Livingston: Gordon Ford seeks right for club to sign players
Last updated on .From the section Livingston
Livingston's new largest shareholder Gordon Ford has urged the Scottish Football Association to swiftly lift the club's transfer embargo.
The Scottish Championship club were hit with the registration ban in April after the then majority shareholder Neil Rankine's involvement with East Fife breached dual interest rules.
Rankine now holds no Livingston shares.
"We're expecting the embargo to be lifted, unless there is some other requirement," Ford told BBC Scotland.
"My understanding is that, now that the previous owner has been completely removed from the scene, I'm hoping we've satisfied all the requirements of the tribunal and the compliance officer."
Ford, the former deputy chief executive of West Lothian Council, holds 40% of the shareholding in Livingston.
The rest is held by Neil Hogarth (20%), Graham Leslie (20%) and former Livingston chief executive Ged Nixon (20%).
In November, Livingston were deducted five points and fined £10,000 for breaching rules relating to non-payment of tax but under manager Mark Burchill escaped relegation on the last day of the season.
Ford now wants the transfer embargo lifted so Burchill can strengthen his squad.
"If we go beyond next week then I'll be very, very disappointed," said Ford, who was also previously head-teacher of Broughton High School and Inveralmond Community High School.
"I know the manager has a lot of people lined up that he wants to talk to. We need to get on and build our squad because I think we're in to our first game in about five weeks time and the situation just now is not acceptable.
"We'll sit down next week and we'll hope to talk to Mark and there are a variety of things we need to address, but obviously the priority is the playing squad and that will be top of our agenda."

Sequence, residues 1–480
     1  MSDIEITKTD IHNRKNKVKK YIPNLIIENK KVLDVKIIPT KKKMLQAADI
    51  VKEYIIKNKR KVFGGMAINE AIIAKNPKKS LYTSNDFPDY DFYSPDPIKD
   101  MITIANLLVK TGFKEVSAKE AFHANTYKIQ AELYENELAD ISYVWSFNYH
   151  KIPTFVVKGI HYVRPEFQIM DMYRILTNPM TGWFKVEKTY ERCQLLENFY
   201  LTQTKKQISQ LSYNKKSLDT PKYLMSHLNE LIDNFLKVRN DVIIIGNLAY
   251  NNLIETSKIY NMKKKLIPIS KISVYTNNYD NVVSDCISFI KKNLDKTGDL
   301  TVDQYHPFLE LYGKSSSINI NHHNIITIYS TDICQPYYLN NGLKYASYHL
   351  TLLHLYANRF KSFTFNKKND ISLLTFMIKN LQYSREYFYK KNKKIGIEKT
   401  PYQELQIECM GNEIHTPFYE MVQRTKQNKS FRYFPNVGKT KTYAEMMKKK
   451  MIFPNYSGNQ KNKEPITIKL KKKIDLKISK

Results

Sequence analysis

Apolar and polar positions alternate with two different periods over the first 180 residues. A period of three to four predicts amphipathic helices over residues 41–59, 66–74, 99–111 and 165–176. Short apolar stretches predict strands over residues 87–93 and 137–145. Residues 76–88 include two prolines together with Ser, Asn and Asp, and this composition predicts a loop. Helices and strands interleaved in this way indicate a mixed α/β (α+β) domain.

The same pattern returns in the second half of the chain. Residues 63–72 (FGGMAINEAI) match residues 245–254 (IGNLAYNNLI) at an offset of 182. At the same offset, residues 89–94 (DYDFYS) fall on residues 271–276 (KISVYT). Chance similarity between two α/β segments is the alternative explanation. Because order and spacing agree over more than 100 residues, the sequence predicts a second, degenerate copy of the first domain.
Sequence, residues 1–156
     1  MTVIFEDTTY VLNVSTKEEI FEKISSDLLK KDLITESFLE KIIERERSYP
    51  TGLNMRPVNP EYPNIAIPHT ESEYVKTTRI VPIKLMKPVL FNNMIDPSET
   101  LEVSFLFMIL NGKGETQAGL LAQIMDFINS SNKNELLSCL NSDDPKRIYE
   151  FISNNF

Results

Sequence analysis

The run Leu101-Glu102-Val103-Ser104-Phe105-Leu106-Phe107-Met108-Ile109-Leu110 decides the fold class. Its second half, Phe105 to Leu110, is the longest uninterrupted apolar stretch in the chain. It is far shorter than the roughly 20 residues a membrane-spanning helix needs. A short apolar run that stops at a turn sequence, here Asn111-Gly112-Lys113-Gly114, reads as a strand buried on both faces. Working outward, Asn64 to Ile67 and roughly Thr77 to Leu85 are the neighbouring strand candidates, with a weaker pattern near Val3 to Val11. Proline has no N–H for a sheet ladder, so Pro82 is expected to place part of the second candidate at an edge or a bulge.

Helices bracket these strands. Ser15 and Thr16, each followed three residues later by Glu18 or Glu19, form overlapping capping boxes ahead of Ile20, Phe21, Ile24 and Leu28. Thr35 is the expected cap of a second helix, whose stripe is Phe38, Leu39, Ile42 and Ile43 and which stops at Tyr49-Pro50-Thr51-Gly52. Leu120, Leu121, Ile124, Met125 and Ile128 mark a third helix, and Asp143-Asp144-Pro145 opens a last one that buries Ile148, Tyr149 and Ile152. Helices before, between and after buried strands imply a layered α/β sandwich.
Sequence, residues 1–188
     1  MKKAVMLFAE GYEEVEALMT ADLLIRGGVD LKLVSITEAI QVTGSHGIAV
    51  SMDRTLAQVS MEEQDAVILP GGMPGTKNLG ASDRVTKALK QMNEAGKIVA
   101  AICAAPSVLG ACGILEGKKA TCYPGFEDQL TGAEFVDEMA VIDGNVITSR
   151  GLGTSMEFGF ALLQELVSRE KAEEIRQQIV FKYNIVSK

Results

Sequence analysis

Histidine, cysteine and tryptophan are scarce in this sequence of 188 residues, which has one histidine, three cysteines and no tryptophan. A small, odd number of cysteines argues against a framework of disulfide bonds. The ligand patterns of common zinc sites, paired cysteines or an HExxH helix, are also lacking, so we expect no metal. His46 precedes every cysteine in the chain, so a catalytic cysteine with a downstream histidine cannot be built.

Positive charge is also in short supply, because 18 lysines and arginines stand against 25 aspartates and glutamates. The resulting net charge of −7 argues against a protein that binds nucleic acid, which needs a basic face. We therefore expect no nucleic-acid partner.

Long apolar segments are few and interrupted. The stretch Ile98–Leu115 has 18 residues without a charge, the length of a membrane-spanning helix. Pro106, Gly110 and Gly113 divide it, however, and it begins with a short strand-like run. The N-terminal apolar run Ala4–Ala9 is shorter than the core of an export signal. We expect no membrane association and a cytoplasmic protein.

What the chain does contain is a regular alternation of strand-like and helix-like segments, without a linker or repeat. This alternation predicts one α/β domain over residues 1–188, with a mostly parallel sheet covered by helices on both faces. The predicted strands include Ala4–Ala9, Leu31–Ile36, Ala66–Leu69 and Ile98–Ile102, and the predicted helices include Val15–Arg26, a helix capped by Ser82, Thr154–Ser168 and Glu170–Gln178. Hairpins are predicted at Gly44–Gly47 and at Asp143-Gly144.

Ford admits this new era at Livingston is a "major challenge" but one he is excited by.
He hopes the Almondvale side can soon join the growing list of Scottish clubs who have artificial pitches.
"We hope a stadium management company will be in place sometime during the season and a top-quality plastic pitch will be laid next June in time for the 2016-17 season," he said.
"That facility will be open to the community. We reckon the football club require it 24 days in the year. So, after training in the mornings, we reckon we've got a facility for 325 or 330 days a year for the local community.
"We're local people. Neil Hogarth is a lifelong supporter of the club and I've been involved in a variety of things over the last four or five years with the youth foundation and now the stadium management company.
"It's time for a really firm foundation at Livingston Football Club and we want to be known for football on the back pages, not court cases and tribunals."